Taiwan and US Announce New Coast Guard Pact

Taiwan Coast Guard

From left: Minister of Foreign Affairs Joseph Wu, AIT Director Brent Christensen, and CGA Director-General Chou Mei-wu. (Image: CNA)

Taiwan’s Ministry of Foreign Affairs (MOFA) announced on Thursday, March 25 that it will sign a memorandum of understanding with the United States on a new Coast Guard pact.

American Institute in Taiwan (AIT) Director Brent Christensen, who was appointed to lead the de facto U.S. embassy in 2018, was joined by Taiwan’s Foreign Minister Joseph Wu at the announcement. Lee Chung-wei and Chou Mei-wu, who are the respective heads of Taiwan’s Ocean Affairs Council and Coast Guard Administration, were also present. 

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Minister of Foreign Affairs Joseph Wu noted that it was the first to be signed by Taiwan and the U.S. during the administration of U.S. President Joe Biden.

“Since President Biden’s administration took office on January 20, we have seen that relations between Taiwan and the U.S. have not only continued uninterrupted but, as the U.S. has described, are rock solid,” Wu said.

China has vast maritime claims in the South China Sea and also claims sovereignty over the Japan-controlled Senkaku Islands, which it calls Diaoyu. Taiwan also claims the uninhabited islands as Diaoyutai, but tensions between Taipei and Tokyo have never escalated to the point of confrontation.

In a tweet on Friday, Taiwan’s chief representative in the U.S., Bi-khim Hsiao, said: “The memorandum of understanding with the U.S. was expected to bring closer cooperation in maritime safety, humanitarian rescue, fisheries enforcement, and protection of the marine environment.”

The U.S. State Department’s Bureau of East Asian and Pacific Affairs also tweeted on Friday: “The U.S. could not be prouder to work side-by-side with such a good friend as Taiwan to tackle the world’s challenges.”

China Coast Guard
China’s Coast Guard is considered the region’s largest and already operates as an extension of its military in asserting its maritime claims. (Image: Dreamstime.com © Steveheap)

Harsh words from China

China’s Coast Guard, which is considered the region’s largest and already operates as an extension of its military in asserting its maritime claims, was quick to denounce the agreement that underscores growing ties between Washington and Taipei.

Foreign Ministry spokesperson Hua Chunying said on Friday, March 26 the pact violated U.S. commitments to China and called on the U.S. to “be cautious with its words and actions on Taiwan-related issues.” 

“We urge the U.S. side to … refrain from sending any wrong signals to Taiwan independence forces, and refrain from encouraging and inciting Taiwan to expand its so-called international space,” Hua told reporters at a daily briefing.

Despite the harsh words, the U.S. and Taiwan’s plan to deepen maritime security ties in response to escalating “gray-zone” threats from China.

Grey-zone threats

The Chinese government has vast maritime claims in the South China Sea and relies on its myriad of armed fishing militia to harass vessels of other nations, including Japan, Taiwan, Vietnam, Brunei, Indonesia, Malaysia, and the Philippines.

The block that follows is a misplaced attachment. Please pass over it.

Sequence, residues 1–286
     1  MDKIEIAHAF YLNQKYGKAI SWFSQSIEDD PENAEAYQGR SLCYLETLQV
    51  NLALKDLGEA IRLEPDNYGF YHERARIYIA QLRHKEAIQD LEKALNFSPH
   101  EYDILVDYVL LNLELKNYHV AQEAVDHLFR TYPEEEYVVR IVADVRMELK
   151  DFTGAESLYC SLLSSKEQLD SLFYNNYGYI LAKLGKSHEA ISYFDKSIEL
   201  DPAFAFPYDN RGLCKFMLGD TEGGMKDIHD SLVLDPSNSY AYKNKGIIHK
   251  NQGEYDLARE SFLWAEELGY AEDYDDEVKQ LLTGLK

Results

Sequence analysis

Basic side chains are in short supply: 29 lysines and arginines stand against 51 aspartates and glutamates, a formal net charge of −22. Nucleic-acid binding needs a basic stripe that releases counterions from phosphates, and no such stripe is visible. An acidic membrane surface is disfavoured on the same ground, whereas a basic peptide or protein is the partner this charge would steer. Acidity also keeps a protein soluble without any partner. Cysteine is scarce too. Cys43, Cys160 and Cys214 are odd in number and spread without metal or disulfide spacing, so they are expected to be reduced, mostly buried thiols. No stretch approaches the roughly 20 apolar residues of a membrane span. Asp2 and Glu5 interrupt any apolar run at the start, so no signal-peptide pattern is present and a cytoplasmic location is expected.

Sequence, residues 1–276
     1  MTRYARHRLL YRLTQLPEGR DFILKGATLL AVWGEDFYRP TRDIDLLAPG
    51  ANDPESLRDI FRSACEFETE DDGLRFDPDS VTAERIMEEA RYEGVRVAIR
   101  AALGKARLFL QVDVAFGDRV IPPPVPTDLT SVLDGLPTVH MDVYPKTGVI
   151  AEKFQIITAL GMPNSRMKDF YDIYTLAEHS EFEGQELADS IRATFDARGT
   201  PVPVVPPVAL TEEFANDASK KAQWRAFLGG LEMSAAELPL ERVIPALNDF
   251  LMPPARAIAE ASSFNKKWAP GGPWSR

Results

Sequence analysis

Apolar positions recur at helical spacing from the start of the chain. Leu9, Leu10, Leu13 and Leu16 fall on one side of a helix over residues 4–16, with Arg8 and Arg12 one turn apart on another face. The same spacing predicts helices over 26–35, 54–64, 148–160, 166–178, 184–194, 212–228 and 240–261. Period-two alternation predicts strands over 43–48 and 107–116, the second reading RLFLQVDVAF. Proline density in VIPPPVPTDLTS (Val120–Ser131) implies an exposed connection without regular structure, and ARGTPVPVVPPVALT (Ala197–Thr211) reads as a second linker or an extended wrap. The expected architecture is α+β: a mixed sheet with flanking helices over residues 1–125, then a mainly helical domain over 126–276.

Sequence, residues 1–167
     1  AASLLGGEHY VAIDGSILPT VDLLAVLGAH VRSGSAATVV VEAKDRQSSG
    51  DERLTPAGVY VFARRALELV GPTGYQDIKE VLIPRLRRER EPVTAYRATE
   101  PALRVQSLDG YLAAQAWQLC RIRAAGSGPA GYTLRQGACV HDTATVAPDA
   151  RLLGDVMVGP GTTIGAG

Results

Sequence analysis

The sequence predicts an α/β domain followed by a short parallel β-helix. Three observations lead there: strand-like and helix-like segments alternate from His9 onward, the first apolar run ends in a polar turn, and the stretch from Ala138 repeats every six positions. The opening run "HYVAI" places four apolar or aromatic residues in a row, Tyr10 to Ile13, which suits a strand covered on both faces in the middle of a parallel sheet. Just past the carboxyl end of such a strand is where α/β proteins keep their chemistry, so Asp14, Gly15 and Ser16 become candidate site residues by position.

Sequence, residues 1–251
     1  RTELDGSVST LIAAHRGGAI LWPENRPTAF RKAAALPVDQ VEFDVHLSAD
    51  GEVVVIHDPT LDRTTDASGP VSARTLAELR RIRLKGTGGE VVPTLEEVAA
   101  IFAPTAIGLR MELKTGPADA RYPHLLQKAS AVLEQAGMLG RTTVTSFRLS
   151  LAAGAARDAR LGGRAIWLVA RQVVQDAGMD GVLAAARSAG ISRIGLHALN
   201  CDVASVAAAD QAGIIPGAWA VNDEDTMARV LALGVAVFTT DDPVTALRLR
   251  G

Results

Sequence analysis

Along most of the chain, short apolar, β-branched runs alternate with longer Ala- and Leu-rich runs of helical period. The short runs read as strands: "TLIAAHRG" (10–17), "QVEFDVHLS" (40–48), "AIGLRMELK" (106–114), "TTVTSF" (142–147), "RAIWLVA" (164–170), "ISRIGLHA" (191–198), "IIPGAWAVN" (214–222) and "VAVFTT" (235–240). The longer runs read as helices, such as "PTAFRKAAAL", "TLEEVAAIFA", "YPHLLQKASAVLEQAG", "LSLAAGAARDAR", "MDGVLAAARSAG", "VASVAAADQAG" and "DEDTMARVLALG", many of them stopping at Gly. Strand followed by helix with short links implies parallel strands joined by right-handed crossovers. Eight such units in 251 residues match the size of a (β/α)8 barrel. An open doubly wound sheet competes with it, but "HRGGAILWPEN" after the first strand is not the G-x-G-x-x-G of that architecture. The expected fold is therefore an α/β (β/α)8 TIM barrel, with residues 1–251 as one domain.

In the most recent confrontation, the Philippine military has ordered navy ships to be deployed for “sovereignty patrols” in the South China Sea, where a Chinese flotilla has swarmed around a disputed reef and ignored Manila’s demand to leave the area.

Philippine Defense Secretary Delfin Lorenzana demanded that some 200 Chinese vessels he described as militia boats immediately leave Whitsun Reef, a shallow coral region about 175 nautical miles west of the town of Bataraza in the western Philippine province of Palawan. China ignored the call, insisting it owns the offshore territory and that the vessels were sheltering from rough seas.

Chinese fishing fleet
More than 200 Chinese fishing vessels are anchored at Whitsun Reef. (Image: Philippines Coast Guard )

China’s Coast Guard law

This week’s announcement between Washington and Taipei also follows China’s adoption of a new Coast Guard Law authorizing its Coast Guard to use force in areas that China claims as its territory, a move seen as potentially raising the possibility of armed conflict in the South China Sea. 

The law, which came into force on February 1, encourages China’s Coast Guard to “take all necessary measures including the use of weapons to stop the violation and eliminate the danger” when the country’s sovereign rights or jurisdiction are in “imminent danger of illegal violation.”

China’s neighbors have raised concerns about the revised maritime police legislation, which allows Coast Guard ships to fire upon foreign vessels deemed to be intruding in Chinese territorial waters.

Despite the Chinese government’s insistence that it has no plans to fire on foreign ships, Manila and Tokyo — both of which are U.S. defense treaty allies — have expressed concern about the potential consequences of the law.

The Japan Coast Guard had several run-ins with Chinese maritime police vessels last month in and around the Senkakus Islands. Among the threatening vessels was one armed with a weapon resembling an autocannon, Japanese authorities said at the time.

China’s Coast Guard Law was also among the subjects discussed at last week’s 2-plus-2 meetings in Tokyo, after which the U.S. reaffirmed its commitments to the defense of Japan, including the Senkaku Islands.

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